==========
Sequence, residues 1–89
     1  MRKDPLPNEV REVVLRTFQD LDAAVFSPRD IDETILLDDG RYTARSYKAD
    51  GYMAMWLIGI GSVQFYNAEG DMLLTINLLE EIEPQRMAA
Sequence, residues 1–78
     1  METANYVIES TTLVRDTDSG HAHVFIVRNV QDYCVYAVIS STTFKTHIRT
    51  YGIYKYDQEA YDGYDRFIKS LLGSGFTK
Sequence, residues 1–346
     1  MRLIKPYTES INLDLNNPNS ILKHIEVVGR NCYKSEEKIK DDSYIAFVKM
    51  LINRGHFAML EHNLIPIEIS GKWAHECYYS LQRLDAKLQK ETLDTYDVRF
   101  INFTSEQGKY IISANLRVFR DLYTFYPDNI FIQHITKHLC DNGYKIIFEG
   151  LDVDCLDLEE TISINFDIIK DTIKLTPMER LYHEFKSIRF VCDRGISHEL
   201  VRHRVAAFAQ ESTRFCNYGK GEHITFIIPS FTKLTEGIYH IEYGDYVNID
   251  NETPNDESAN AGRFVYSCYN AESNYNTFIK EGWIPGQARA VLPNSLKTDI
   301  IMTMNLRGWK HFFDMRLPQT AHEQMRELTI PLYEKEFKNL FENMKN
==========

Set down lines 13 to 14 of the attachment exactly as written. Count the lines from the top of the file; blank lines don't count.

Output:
   251  NETPNDESAN AGRFVYSCYN AESNYNTFIK EGWIPGQARA VLPNSLKTDI
   301  IMTMNLRGWK HFFDMRLPQT AHEQMRELTI PLYEKEFKNL FENMKN